A return to previous business restrictions due to the sustained rate of COVID-19 hospitalizations occurs during the normally busy shopping and entertainment season.
Thursday marked the 7th day COVID-19 patients made up 15% or more of the total in hospitals in North Texas. This was the trigger for a return to 50% corporate occupancy instead of 75%.
The Bishop Arts District in Dallas was already set up for vacation shoppers.
“Bishop Arts was and is a great experience. Now we need people to spend some money, ”said business owner Cody Ellison.
He and a business partner run several businesses in Bishop Arts.
They opened a furniture store during the pandemic and turned away from women’s clothing as people spend more time at home and less time getting dressed to go out.
With lower occupancy limits, it may be necessary for an additional employee to monitor the door.
“That means that someone else’s sales are not doing quite as well as you were hoping,” said Ellison.
Restaurants added patio space to safely serve customers during the COVID-19 pandemic, but cold weather makes patios less attractive.
Restaurant owner Joe Groves spoke on the empty patio at Ellen’s Restaurant in the Dallas West End on Thursday.
“We usually have about 40 or 45 people out here,” he said.
In order to maintain social distance between customers and employees within two meters, its restaurants in Dallas and Addison were 50% busy when the restaurants were allowed to 75%.
Groves said his employees got paid during the 14-week forced shutdown earlier this year, and things were just beginning to return to normal.
“People spend more money per person when they go out and they tip more generously,” he said. “We are now at the point where the waiters and kitchen staff are doing what they would have done before COVID.”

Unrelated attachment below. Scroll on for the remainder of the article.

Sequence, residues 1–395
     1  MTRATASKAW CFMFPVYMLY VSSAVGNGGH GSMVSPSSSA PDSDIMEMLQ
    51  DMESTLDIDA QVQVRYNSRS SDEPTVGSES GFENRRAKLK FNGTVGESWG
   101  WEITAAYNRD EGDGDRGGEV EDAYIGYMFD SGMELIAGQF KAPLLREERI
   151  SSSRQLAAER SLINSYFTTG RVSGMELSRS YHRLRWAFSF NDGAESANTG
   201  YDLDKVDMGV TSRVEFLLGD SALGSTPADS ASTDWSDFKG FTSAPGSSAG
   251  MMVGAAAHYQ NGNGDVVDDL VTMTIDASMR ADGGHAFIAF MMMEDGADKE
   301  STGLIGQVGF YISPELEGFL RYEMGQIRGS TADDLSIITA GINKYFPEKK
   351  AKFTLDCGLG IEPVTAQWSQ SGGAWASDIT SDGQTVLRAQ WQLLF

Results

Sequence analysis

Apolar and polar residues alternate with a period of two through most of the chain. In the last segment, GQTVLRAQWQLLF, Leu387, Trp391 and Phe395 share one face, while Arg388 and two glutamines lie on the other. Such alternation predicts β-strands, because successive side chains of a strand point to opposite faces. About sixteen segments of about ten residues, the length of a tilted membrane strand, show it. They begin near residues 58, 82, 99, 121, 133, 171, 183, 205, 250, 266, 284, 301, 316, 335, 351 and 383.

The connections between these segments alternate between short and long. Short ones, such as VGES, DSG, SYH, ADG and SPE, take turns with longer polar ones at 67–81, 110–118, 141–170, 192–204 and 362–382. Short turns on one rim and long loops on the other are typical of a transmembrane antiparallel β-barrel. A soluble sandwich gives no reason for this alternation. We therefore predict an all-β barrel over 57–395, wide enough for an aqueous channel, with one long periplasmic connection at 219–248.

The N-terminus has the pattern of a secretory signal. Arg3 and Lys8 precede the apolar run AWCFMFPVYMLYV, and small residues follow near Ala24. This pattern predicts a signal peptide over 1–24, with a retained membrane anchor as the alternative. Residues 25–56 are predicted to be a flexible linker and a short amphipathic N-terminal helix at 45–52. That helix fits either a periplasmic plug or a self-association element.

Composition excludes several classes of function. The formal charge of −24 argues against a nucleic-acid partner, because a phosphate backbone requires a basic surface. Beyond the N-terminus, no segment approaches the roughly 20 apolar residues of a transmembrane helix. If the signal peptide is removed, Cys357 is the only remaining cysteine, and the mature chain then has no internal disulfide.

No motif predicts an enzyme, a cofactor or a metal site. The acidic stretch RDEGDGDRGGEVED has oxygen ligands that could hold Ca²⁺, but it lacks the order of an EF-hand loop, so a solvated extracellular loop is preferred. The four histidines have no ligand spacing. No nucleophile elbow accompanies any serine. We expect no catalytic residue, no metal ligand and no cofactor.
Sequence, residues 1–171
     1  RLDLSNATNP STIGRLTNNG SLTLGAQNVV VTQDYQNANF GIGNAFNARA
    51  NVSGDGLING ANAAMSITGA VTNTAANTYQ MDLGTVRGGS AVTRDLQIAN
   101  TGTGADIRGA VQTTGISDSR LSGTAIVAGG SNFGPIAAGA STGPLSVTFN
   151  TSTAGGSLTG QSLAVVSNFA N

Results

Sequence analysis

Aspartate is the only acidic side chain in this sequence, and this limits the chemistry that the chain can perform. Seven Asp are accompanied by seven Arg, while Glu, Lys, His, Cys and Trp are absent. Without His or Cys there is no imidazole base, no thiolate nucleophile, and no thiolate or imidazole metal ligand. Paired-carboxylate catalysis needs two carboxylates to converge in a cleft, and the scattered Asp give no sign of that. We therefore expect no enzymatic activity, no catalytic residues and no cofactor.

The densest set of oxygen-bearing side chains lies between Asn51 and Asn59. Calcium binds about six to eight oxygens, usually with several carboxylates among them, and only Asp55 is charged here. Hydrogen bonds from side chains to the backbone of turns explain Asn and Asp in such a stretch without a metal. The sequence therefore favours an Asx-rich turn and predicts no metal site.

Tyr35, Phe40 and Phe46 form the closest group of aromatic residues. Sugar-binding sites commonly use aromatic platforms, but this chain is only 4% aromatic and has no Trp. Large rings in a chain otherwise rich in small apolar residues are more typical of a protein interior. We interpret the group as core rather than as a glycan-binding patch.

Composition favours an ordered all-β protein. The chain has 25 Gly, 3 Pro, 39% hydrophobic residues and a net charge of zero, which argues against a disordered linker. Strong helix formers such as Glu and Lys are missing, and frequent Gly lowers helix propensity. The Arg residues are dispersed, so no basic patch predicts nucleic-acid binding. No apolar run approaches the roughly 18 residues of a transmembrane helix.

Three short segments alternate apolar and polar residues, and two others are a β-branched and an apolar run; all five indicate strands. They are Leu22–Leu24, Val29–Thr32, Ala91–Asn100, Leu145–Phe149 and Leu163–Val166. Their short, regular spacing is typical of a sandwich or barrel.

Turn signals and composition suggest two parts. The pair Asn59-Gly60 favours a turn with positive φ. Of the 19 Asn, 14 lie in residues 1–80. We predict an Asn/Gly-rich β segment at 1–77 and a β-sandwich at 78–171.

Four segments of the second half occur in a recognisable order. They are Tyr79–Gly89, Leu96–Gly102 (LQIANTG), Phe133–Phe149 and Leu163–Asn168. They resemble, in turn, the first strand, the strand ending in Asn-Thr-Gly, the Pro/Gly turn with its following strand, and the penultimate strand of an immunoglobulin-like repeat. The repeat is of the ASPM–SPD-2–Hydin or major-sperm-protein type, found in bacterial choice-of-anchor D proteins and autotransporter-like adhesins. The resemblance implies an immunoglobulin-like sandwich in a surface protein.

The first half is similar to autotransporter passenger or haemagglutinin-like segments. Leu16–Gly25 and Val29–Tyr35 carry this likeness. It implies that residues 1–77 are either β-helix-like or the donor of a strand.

Business at 60 Vines Restaurant on Crescent in Uptown Dallas has also improved, according to CEO Jeff Carcara.
“We saw some successes and were hopeful. That new twist definitely got us back to focus on our takeaway, ”he said.
60 Vines has four locations across the country, two in North Texas.
Carcara said its restaurants are also 50% busy to allow safe social distancing. He said they have strong hygiene standards.
But Carcara said his company had staffing issues during the pandemic, even at half capacity.
“Each of these restaurants has made some effort to have a full staff every day.
Now, Carcara said the new restrictions present a new challenge to attracting businesses.
“The biggest factor is the fact that we tip and it’s unfortunate. And so it’s scary. And that perception or reality is likely to keep people in suspense, ”he said.
All of these business people said the COVID-19 challenge is to stay in business for the day customers return to shops and restaurants.